This NASA image shows ripples in the surface of Denman Glacier in East Antarctica throwing shadows against the ice.
It’s a pretty picture, but the story behind it is not so rosy.
The glacier has retreated five kilometres in the past 22 years and scientists from the University of California Irvine (UCI) and NASA’s Jet Propulsion Laboratory are concerned that the shape of the ground surface beneath the ice sheet could make it even more susceptible to climate-driven collapse.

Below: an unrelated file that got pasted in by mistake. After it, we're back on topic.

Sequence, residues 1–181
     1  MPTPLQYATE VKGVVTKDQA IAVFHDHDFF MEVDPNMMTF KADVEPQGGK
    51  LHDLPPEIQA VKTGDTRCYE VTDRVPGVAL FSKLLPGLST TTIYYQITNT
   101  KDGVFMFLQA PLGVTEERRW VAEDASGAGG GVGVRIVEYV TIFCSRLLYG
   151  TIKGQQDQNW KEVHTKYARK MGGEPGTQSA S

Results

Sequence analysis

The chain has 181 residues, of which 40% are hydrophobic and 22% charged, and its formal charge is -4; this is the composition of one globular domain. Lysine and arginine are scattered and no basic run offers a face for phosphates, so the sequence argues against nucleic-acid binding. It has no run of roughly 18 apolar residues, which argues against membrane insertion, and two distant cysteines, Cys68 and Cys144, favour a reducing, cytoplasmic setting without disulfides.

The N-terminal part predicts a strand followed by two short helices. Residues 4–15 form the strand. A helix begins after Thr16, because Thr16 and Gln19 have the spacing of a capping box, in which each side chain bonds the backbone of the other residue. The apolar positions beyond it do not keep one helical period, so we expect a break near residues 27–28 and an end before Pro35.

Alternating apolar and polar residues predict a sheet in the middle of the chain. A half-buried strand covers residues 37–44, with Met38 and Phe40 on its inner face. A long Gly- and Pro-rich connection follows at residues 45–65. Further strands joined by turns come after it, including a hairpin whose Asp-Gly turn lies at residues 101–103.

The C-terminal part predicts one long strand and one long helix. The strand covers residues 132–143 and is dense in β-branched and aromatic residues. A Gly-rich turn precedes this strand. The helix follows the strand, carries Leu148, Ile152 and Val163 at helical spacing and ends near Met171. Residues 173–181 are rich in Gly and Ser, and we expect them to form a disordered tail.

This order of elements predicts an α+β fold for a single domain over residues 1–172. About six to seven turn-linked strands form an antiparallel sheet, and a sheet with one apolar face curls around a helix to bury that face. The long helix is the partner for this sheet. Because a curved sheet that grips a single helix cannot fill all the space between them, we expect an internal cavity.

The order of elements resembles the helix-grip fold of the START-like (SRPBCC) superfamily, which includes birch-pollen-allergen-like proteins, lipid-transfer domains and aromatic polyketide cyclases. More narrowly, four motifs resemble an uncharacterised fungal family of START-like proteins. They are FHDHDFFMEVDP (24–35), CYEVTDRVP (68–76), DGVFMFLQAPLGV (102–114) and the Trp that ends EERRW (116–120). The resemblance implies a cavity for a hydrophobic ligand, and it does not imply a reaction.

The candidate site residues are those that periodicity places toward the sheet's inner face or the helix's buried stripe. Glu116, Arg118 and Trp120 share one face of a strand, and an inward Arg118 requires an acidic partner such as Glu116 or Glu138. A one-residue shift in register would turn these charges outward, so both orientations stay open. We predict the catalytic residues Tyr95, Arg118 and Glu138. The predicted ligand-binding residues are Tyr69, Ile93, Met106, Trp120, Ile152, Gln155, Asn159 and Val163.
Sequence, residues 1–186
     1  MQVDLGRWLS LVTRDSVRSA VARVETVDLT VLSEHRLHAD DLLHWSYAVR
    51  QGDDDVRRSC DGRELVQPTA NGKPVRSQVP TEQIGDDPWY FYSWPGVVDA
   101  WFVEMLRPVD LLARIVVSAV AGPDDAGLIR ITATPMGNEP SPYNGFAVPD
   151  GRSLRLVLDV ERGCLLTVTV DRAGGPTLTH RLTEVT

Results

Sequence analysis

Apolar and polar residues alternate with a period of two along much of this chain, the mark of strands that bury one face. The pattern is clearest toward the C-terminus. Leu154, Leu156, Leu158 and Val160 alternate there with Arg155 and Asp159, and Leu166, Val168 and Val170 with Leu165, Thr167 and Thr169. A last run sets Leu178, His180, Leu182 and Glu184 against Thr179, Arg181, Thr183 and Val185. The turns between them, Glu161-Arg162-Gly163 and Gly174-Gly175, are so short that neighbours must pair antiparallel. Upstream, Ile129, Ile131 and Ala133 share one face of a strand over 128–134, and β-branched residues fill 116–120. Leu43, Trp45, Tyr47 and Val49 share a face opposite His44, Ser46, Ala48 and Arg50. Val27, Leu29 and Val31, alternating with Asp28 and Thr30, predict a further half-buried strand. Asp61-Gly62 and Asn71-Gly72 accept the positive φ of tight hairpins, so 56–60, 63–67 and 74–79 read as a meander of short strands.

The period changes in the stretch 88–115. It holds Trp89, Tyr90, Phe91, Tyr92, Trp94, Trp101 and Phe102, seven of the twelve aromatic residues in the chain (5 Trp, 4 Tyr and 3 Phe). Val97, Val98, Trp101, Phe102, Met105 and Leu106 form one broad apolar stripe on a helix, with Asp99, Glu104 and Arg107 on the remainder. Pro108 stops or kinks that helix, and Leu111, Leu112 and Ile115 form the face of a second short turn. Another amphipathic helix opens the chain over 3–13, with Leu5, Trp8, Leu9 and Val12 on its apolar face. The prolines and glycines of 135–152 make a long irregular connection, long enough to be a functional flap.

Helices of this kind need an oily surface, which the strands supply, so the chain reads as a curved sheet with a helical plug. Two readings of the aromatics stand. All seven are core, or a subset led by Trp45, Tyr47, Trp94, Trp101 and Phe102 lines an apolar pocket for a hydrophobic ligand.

They recently completed the most thorough examination yet of the glacier and surrounding area and published their assessment in the journal Geophysical Research Letters.
If fully thawed, they say, the ice in Denman would cause sea levels worldwide to rise about 1.5 metres.
“East Antarctica has long been thought to be less threatened, but as glaciers such as Denman have come under closer scrutiny by the cryosphere science community, we are now beginning to see evidence of potential marine ice sheet instability in this region,” says UCI’s Eric Rignot.
“The ice in West Antarctica has been melting faster in recent years, but the sheer size of Denman Glacier means that its potential impact on long-term sea level rise is just as significant.”